The FDA’s food labeling guidelines are designed to provide information to help consumers make healthy and safe food choices. This proposed bill would reinforce the existing requirements applied to labeling food products derived from plants developed through biotechnology. FDA generally regulates the final product, not the process, of plant genetic modification. Contrary to activist claims, FDA already requires labels for any food product that has been materially changed, regardless of whether it comes from conventional or biotech plant breeding. For example, foods must be labeled if ingredients contain proteins from the most common allergens, or when there are genetic differences in nutritional content.
WASHINGTON, D.C., – “State-led mandatory food labeling initiatives mislead consumers about the safety of GM foods, even though there is no credible evidence linking a food-safety or health risk to the consumption of GM foods. These state labeling initiatives mask the benefits of biotechnology in food production and can lead to decreased food supplies. Creating a national labeling standard will give consumers the information they need while avoiding the unnecessary confusion and added cost of a patchwork of state laws.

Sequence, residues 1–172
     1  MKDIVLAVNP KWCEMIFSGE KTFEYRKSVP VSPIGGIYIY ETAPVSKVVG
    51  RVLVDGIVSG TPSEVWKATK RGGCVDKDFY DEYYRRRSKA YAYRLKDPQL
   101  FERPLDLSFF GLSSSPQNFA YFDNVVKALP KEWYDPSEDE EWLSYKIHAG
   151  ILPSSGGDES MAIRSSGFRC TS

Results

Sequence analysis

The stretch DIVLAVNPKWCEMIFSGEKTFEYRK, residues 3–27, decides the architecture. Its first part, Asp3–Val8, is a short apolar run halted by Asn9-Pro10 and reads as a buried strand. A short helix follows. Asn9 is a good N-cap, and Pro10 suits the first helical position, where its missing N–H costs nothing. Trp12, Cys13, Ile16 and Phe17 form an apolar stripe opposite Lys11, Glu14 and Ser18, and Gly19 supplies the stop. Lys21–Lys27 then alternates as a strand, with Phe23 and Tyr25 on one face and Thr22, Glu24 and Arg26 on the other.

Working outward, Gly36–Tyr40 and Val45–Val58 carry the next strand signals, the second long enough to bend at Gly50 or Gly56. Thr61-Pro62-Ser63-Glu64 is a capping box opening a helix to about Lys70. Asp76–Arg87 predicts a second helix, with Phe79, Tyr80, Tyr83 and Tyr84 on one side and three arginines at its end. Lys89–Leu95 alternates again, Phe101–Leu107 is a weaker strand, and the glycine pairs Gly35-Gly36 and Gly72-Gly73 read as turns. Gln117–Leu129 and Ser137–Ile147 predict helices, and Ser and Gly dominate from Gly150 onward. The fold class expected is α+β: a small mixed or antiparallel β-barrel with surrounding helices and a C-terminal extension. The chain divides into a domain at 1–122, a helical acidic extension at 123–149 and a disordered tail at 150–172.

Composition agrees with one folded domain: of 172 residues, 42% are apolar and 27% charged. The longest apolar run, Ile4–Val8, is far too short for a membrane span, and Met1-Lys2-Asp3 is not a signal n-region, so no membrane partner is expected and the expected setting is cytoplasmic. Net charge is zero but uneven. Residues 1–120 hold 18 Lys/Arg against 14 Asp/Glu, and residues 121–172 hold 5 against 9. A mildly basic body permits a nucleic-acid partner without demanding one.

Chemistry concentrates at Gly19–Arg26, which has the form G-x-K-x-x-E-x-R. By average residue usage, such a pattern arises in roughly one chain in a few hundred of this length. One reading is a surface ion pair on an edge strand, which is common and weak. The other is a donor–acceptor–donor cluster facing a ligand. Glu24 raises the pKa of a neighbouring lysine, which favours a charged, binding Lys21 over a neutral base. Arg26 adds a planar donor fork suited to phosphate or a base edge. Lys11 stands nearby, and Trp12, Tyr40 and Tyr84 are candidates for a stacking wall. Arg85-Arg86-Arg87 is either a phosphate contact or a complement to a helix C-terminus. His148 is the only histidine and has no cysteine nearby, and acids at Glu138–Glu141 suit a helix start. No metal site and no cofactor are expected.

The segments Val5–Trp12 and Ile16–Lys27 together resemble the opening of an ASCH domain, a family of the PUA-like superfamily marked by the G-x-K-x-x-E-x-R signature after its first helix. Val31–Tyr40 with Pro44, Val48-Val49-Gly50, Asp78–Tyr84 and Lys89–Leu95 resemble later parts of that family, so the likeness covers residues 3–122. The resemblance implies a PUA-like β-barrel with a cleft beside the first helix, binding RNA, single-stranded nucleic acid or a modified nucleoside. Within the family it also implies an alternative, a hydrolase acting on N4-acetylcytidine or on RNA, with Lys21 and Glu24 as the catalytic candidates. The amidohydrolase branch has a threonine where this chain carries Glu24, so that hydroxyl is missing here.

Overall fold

WASHINGTON, D.C., March 18, 2015 – Farm Bureau member Brandon Whitt today urged Congress to repeal the estate tax to free up farmers and ranchers to build stronger businesses and benefit their local communities. Whitt, who farms in Tennessee, testified before the House Ways and Means Committee, where he outlined the harmful impact the estate tax has on family-owned businesses.
“Agriculture looks different on farms from state to state but we all face the same reality that an uncertain tomorrow can bring,” Whitt said. While facing unpredictable weather and fluctuating markets, farmers and ranchers make decisions to expand their businesses and remain competitive. “Why should uncertainties over estate taxes be added to these others? Our job is hard enough as it is.”
The Idaho Farm Bureau Federation and the Twin Falls County Farm Bureau recently donated $20,000 to be used in an agricultural history display at a new visitor center.
The new center will be located on the canyon rim overlooking the Snake River in Twin Falls County. Construction is currently wrapping up on the modern, functional facility and when opened to the public it will serve as a regional welcome center, offering information and inspiration to thousands of visitors to Southern Idaho.
A grand opening is slated for April 30.